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ANALYSIS

SEPTEMBER 2016

Ultimately, like any brand, every museum today understands that adopting mobile isn’t only important but necessary to attract customers. “There was not a single person at the Guggenheim, no matter how old they were, that felt like we should not be engaged with technology,” says Krantz. “It’s just a part of how museums are developing, because if they don’t, they’re going to lose a lot of business.” SAMA founder Anna Stolyarova (right), in front of one of the museum’s graffiti exhibits, by artist Uriginal

Breaking down barriers “Museums that do not adopt technology and become more agile, will not only miss out on a whole new audience, but on making content more accessible, entertaining and desirable,” agrees Anna Stolyarova, founder of SAMA (Street Art Museum Amsterdam). Not only does mobile offer a way for museums to extend their audience, it has the potential to help them move beyond that older visitor demographic, and break down some of the barriers that make them seem inaccessible to other audiences. “One of the major issues that museums and heritage sites have faced over the years is a lack of visitor diversity,” says Ward. “Museums exist in order to safeguard history for the entire community, which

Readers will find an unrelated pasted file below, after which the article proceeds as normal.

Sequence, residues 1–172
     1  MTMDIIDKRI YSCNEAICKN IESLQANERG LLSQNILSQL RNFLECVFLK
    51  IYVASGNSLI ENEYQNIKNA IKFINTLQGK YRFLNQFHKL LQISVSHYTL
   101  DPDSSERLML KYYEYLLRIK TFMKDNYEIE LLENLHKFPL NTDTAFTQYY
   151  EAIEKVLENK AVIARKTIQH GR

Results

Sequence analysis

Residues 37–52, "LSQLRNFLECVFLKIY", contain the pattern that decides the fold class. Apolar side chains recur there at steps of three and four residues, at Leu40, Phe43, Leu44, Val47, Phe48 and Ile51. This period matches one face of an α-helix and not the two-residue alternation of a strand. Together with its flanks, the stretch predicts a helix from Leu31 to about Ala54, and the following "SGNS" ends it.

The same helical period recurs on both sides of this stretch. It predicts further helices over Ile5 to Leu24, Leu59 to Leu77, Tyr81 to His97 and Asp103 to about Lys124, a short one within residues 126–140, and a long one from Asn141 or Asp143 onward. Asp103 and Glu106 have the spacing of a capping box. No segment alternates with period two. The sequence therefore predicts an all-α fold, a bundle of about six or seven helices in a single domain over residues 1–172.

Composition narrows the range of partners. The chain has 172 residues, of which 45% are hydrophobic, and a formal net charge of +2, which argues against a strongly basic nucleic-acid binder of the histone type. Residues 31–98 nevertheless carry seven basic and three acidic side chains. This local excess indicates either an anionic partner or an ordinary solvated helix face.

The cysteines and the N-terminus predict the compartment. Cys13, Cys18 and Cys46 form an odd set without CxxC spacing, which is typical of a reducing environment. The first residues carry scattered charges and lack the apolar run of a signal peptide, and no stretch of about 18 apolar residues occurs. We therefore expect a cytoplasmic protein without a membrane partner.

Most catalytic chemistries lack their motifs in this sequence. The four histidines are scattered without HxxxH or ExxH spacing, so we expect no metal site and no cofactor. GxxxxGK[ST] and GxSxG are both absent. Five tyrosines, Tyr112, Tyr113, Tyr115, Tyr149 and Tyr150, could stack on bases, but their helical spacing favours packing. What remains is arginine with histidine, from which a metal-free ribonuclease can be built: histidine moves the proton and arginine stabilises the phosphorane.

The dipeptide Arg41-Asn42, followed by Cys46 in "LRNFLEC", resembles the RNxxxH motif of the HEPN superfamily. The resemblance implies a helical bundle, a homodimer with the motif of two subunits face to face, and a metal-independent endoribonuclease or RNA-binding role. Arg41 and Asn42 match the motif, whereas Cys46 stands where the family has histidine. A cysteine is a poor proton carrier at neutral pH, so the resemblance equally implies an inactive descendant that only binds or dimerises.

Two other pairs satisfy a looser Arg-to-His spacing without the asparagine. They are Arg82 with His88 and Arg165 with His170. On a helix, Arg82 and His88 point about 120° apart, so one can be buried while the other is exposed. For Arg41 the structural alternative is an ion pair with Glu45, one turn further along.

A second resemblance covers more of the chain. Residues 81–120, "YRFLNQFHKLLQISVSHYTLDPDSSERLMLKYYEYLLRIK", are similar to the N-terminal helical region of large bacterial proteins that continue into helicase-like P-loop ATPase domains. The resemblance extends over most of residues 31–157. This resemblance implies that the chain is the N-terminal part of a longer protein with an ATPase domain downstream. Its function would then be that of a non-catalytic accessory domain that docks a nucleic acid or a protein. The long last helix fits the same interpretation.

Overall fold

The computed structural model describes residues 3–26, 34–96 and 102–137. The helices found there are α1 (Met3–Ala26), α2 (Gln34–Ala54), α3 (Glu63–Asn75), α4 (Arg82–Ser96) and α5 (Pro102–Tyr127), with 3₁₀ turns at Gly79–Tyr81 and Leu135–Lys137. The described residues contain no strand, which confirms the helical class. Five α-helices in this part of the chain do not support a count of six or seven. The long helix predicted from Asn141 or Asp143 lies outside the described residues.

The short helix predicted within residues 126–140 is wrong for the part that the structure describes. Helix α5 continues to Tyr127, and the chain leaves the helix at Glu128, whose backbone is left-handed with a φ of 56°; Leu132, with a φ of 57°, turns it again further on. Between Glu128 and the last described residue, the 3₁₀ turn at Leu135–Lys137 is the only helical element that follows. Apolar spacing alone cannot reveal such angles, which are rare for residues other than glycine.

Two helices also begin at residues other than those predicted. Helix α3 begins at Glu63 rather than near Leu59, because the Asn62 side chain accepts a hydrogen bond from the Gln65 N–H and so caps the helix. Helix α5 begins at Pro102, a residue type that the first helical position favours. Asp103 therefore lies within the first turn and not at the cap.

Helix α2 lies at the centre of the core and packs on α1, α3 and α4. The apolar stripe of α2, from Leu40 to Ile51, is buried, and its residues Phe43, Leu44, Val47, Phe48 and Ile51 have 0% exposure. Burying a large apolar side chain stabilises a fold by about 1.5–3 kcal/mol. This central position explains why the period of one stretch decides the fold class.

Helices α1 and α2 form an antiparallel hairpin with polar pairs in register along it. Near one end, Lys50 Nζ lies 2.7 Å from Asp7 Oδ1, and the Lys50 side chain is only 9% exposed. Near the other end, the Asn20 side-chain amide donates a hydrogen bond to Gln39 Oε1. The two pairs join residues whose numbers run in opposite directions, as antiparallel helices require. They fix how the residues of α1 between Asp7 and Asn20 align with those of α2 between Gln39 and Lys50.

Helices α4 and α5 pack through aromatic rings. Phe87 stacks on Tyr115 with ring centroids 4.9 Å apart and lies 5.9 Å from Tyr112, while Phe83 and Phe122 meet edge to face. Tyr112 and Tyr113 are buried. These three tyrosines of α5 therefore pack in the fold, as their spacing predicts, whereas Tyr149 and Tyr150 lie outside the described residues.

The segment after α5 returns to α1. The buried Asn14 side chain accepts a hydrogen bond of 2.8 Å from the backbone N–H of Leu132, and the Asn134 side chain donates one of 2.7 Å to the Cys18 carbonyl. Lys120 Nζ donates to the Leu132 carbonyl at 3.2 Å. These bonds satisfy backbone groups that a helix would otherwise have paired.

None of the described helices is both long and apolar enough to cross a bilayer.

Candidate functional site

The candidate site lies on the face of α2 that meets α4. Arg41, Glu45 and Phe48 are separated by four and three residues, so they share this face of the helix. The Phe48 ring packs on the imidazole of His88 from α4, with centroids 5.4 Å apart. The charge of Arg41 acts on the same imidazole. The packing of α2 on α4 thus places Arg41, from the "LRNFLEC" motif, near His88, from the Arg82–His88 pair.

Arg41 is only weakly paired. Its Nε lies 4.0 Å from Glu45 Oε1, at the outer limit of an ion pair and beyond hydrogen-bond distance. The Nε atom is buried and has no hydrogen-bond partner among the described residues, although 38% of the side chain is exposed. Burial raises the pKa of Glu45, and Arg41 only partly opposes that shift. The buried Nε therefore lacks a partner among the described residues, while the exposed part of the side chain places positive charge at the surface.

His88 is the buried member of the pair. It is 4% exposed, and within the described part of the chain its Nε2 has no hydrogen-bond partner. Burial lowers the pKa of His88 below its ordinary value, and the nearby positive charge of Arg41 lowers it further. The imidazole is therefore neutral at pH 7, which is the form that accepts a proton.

Accessible to All Georgia Krantz was closely involved in the development of the accessibility features for the Guggenheim’s app. “I got involved at a time when a lot of museums were – and still are – working on making sure that their digital stuff is accessible,” she says. The focus is currently on visitors who are blind or deaf, though Krantz says museums are likely to build on their current on-site programming with technological solutions in order to address other disabilities and conditions, such as autism spectrum disorder. Even with these more wellestablished accessibility features, though, it’s still important for

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museums to make sure they are approaching them correctly. While many apps might rely on iOS’s builtin text-to-voice functionality to make them accessible to blind users, Krantz says customising the entire app for voice-over – though costly – leads to much better results. And it’s not just the technology that needs to be addressed: “Staff training is vital,” says Krantz. “We made sure that our staff on the floor were able to explain to visitors that these features were there, and talk them through a few steps in order to turn it on. You can have all the technology you want, but if you don’t have the staff talking about it properly then it’s pretty useless.”

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02/09/2016 11:47

Mobile Marketing September 2016  

The September 2016 print edition of Mobile Marketing

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